Archaeologists discover 2,500 year old seal in Israel

In its continuing excavations of the drainage channel beneath Robinson's Arch in the Archaeological Garden adjacent to the Temple Mount, The Israel Antiquities Authority (IAA), has uncovered a Hebrew seal dating back to the First Temple period.

 According to a statement released by IAA, the seal "is made of a semi-precious stone and is engraved with the name of its owner: 'Lematanyahu Ben Ho...' ('למתניהובןהו...' meaning: 'Belonging to Matanyahu Ben Ho...'). The rest of the inscription is erased." The seal was found on the floor of the ruins of a building also dating to the end of the First Temple period; a building that IAA said was the closest one to the First Temple found so far in excavations.

Seals were used during the First Temple period by individuals to sign letters and were often set in a signet ring.

According to Eli Shukron, the excavation director, "the name Matanyahu, like the name Netanyahu, means giving to God. These names are mentioned several times in the Bible. They are typical of the names in the Kingdom of Judah in latter part of the First Temple period - from the end of the eighth century BCE until the destruction of the Temple in 586 BCE.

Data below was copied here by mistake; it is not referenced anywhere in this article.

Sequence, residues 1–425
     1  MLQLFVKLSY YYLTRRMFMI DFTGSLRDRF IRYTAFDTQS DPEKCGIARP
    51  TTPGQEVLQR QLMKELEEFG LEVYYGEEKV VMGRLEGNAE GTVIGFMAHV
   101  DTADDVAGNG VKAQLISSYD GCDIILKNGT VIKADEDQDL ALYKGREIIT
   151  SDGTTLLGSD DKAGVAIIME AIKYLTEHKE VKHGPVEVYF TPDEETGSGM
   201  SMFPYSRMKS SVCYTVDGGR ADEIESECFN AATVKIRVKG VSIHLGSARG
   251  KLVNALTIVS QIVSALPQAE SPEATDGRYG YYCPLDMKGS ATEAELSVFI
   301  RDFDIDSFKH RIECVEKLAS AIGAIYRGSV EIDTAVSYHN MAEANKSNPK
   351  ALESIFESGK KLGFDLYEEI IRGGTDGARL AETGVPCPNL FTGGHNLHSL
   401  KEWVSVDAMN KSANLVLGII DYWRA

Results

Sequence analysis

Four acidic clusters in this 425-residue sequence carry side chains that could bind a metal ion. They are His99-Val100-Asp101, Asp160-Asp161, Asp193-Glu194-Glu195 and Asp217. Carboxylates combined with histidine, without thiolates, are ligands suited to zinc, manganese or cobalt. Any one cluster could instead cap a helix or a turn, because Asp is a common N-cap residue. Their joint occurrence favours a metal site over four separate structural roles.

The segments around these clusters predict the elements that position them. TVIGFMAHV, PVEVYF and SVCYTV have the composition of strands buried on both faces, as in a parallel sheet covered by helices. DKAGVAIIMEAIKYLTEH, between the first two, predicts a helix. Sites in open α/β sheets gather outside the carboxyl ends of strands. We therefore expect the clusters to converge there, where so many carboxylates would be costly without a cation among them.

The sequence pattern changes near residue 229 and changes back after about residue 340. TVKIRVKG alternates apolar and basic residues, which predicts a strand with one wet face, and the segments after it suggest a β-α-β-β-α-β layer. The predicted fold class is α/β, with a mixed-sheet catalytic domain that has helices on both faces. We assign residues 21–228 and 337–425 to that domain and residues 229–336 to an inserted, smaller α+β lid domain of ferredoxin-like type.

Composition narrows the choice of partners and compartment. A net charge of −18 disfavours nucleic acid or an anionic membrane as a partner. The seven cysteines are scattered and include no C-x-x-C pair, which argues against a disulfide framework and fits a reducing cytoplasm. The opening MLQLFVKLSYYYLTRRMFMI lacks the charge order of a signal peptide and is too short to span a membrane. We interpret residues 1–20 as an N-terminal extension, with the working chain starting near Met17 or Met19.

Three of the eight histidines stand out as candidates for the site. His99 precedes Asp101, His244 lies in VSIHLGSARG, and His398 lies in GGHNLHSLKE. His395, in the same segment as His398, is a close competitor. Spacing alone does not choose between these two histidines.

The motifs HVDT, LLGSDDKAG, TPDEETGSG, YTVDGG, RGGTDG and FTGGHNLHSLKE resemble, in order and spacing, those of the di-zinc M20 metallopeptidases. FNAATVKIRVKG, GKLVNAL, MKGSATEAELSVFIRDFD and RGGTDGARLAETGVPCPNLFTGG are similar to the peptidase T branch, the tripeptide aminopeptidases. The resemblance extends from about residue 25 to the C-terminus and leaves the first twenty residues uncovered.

"To find a seal from the First Temple period at the foot of the Temple Mount walls is rare and very exciting," he added. "This is a tangible greeting of sorts from a man named Matanyahu who lived here more than 2,700 years ago."

Shalom Almog is the owner of Coral Tours, a provider of tours and travel in Israel.

Filed under religion, history, israel, judaism, religion, archaeology, history, Archeology

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